Among many things, the most distressing thing that I personally witnessed there was the adults’ lack of understanding about children crying.
- One day, a young boy, not more than four years old, was sitting in a corner and sobbing uncontrollably, while all the other children were playing outside. I asked an akka why he was crying. She said “He feels abandoned by his parents after his baby-sister was born. So, he’s been upset about it.” Seeing Isha play happily and independently, I walked up to this boy to just be there for him and comfort him. I was pulled back by an akka saying “No, don’t talk to him. He needs to learn to deal with this by himself. If we start talking to him, he’ll start crying even more. If you leave him alone, he’ll stop crying.” Though I knew what the right thing for me to do was, she was so insistent that I step back and I did, quite unwillingly. I felt miserable for a whole day after that.
- Another day, I saw a little girl and boy (barely three years old) hugging each other so lovingly and kissing each other on the cheek. The akka there was so scandalized and assumed this moral responsibility for the situation and physically separated them saying “Chee, you should not do these things!”
- The absolutely last straw for me was when Isha came out of the school crying one day. The akka who was carrying her gave her to me and said to Isha “Look how ugly your face looks when you cry! You look so beautiful when you smile. So, you should come to school tomorrow with a smiling face, ok?” She might have thought that she was saying something very creative and sensible to make a crying child feel better! But I felt completely disgusted, distressed and horrified at the whole experience. Though there were many parents who had just started sending their kids to school, none of them had such a strong reaction to things like we did. These parents and the teachers used to say “That’s how the initial days are. They’ll soon settle down.” and “Well, the kids can’t always be spoken to and dealt with nicely. They also need to learn to face adults who aren’t so nice to them all the time!”
I think this whole ‘settling down’ is a myth. Children* train themselves to resign to the situation knowing that they really have only two choices – keep resisting and continue to feel miserable or resign to the situation and stop experiencing life less and less intensely. There is a huge cost that is paid when the child decides to resign! She starts to actively disconnect from her feelings and intuition. She starts believing in other people’s stories about who she is and isn’t. She starts feeling low self-esteem and feeling like she’d be accepted only if she behaved like everybody else. It’s a long list of things that start, the day a child makes that decision as a three-year-old to “settle down” in a school she does not feel safe in. So many things that I’ve had to struggle to unlearn as I realize things as a grown-up. (But I’m extremely grateful for all of that!)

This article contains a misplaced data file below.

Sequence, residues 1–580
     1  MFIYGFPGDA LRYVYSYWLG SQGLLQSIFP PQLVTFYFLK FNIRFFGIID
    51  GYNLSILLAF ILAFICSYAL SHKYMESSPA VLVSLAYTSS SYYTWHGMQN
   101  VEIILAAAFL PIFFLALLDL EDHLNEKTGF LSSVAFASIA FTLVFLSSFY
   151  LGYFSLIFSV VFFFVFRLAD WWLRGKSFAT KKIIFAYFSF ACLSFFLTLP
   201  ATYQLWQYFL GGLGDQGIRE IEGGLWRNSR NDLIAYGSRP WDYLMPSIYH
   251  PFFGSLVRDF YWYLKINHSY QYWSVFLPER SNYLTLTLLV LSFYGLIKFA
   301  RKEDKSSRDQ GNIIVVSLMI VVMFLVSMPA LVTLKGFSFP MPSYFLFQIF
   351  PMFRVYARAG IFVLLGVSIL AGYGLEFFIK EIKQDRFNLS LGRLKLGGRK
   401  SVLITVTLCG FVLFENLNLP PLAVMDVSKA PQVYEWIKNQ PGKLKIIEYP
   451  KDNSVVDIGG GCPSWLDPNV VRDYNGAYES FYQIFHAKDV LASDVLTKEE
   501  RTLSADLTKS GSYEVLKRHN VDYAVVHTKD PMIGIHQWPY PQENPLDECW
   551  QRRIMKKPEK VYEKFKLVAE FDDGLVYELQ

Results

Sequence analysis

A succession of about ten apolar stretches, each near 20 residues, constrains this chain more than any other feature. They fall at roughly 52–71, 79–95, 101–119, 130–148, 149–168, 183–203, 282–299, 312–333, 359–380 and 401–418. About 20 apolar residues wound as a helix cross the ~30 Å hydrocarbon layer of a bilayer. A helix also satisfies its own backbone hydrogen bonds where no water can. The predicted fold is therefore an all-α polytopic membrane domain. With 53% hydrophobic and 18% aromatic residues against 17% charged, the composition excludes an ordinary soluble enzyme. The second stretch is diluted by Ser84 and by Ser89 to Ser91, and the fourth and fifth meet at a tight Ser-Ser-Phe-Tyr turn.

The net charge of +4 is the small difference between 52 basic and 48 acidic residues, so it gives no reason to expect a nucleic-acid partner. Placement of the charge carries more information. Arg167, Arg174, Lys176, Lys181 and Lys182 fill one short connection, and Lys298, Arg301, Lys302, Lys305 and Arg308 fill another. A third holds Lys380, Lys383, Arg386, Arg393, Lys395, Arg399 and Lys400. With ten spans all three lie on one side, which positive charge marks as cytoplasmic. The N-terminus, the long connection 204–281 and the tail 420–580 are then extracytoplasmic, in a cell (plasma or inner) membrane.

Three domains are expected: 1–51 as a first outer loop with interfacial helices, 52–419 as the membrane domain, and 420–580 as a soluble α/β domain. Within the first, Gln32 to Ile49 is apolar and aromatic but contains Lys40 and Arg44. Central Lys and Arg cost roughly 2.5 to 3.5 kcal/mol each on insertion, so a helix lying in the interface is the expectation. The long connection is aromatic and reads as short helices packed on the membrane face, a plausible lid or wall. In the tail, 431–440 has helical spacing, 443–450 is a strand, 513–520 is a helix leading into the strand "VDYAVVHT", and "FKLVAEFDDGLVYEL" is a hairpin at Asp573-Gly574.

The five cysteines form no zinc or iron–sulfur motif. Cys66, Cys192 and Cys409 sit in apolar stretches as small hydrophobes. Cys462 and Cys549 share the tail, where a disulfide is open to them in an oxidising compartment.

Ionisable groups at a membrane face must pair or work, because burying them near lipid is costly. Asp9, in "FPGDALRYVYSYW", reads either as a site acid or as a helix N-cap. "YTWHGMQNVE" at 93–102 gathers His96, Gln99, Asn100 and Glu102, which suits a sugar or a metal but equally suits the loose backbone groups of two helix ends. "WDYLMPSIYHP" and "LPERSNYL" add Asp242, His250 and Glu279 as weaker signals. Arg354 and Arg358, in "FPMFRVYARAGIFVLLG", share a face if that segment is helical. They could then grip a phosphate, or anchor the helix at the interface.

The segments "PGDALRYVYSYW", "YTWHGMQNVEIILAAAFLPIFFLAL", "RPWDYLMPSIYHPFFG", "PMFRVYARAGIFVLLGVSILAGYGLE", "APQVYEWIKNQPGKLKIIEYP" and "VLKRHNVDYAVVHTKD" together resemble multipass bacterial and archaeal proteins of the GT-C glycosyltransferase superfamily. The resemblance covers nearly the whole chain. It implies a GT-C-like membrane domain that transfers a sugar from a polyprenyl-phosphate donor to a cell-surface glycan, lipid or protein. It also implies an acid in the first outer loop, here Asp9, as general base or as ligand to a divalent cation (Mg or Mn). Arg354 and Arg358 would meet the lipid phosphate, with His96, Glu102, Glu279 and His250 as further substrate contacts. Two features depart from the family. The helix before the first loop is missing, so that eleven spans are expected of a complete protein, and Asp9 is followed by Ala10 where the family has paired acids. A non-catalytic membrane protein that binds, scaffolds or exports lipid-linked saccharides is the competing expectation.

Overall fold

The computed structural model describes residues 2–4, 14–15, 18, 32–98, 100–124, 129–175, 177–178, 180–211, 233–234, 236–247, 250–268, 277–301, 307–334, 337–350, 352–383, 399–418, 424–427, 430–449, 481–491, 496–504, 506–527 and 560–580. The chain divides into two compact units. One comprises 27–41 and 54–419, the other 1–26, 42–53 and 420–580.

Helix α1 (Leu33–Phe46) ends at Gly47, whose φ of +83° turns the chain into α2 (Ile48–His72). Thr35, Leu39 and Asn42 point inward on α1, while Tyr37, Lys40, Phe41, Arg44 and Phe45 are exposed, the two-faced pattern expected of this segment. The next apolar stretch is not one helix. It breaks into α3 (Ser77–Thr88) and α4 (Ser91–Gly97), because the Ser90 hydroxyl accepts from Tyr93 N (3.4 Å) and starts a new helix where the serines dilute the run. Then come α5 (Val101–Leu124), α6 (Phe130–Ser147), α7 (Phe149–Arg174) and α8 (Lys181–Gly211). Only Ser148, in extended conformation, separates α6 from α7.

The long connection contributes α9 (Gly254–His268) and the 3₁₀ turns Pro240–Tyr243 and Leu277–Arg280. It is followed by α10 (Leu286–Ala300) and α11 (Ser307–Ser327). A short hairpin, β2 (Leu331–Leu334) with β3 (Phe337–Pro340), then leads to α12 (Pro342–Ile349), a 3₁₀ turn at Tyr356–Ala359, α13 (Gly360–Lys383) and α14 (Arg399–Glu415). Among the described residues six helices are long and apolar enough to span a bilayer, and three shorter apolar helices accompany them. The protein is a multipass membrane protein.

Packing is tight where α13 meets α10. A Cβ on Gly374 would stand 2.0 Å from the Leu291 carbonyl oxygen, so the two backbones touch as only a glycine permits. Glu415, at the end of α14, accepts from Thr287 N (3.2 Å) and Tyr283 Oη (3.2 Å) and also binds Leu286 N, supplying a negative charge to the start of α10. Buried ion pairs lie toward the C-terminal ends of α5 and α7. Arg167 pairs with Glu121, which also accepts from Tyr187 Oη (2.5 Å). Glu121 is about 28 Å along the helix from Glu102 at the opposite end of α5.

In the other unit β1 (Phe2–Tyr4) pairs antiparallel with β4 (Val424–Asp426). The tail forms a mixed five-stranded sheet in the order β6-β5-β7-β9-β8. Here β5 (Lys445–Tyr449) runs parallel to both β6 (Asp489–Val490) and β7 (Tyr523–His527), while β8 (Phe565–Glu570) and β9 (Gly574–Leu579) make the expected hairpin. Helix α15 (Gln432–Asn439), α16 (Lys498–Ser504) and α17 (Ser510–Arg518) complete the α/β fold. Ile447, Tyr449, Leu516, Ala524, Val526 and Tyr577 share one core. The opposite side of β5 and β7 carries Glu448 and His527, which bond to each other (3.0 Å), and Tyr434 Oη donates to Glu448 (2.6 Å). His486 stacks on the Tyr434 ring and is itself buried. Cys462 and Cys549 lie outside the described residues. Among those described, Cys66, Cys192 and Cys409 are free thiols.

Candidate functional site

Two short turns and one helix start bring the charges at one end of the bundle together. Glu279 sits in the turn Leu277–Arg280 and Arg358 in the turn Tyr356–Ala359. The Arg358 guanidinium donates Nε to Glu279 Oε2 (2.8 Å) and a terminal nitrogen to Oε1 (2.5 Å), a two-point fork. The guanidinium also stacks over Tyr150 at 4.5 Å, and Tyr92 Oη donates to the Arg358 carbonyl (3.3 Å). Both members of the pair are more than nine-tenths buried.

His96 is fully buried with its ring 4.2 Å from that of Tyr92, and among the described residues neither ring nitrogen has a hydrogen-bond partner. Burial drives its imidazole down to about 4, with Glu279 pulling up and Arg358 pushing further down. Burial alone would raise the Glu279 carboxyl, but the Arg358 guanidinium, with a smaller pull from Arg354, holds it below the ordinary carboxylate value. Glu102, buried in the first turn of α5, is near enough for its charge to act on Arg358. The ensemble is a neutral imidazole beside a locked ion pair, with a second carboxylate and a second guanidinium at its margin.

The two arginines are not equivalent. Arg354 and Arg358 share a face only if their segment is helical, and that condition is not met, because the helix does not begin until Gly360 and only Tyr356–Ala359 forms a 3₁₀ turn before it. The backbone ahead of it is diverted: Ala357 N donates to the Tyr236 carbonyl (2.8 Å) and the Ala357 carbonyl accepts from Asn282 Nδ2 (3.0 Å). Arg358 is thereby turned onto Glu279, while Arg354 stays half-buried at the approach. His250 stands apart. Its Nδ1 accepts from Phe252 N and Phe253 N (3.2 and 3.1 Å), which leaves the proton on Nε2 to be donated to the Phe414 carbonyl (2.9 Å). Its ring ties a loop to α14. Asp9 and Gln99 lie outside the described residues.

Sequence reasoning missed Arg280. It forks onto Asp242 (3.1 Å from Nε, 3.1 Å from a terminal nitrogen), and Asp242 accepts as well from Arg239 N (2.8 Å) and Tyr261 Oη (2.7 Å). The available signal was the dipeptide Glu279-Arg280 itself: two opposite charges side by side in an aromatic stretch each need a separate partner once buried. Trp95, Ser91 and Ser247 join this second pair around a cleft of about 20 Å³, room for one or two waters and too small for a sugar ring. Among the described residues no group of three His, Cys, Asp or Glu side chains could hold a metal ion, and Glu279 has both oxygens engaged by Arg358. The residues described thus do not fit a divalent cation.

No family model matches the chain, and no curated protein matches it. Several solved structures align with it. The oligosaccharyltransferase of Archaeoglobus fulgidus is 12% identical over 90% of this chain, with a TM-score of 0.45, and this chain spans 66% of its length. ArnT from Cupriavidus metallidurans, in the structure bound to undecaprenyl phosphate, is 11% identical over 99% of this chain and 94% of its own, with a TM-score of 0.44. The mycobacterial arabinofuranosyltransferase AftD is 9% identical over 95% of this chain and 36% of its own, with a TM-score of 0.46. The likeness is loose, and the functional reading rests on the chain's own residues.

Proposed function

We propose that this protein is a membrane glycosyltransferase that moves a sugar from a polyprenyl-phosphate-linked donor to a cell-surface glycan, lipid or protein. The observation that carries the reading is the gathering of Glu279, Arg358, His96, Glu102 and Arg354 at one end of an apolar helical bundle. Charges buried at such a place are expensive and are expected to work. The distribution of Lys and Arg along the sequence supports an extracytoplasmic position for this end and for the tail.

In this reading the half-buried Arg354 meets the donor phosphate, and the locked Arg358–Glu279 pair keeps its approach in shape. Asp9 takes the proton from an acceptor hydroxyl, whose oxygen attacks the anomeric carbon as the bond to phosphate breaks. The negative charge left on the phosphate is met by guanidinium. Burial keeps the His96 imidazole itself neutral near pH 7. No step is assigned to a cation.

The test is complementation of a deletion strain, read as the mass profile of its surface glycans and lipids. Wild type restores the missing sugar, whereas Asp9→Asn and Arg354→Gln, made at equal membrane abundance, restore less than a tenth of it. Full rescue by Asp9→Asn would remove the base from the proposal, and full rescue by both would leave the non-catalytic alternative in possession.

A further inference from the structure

Learning to face not-so-nice adults?
Young children are extremely vulnerable beings. I am very convinced that when children feel unsafe with adults and don’t have a safe space to run to, they feel abandoned, scared and disempowered. This can cause a deep sense of hurt and distrust that they are not capable of processing or working through. They leave deep scars and a feeling of insecurity. In the process of protecting themselves from hurt and coping with a feeling of insecurity, they expend a lot of their life energy – either through withdrawing, shutting down, or aggression - depending on the child’s personality / tendencies. Children who feel completely safe at all times and are in the presence of adults who they can completely trust, are able to fully access and use all their life energy for active exploration and creation. (I’ve written an earlier post about this two years ago. Good to read along with this post.)
We continue to offer Isha a trusting and safe space (as much as we can), never leaving her with anyone she does not feel fully safe with; and always reassuring her, letting her know she can cry or honestly process anything she’s feeling / experiencing, without any shame, guilt or fear. And the results are extremely rewarding and positive. Isha sometimes comes to us and says “I feel like crying!” We tell her “Ok, by yourself or on amma’s lap?” Sometimes she does choose to say “By myself” and would go into her room and lie down for a while with a teardrop trickling down her cheek. In a few minutes she’d come running out saying “Amma, look what I found under the table as I was lying down. The red bead we were looking for!” with glistening eyes and an exuberant laughter. She is becoming more independent (emotionally and physically), with an increasing ability to explore and be adventurous. More than anything, her ability to be truly joyous inside!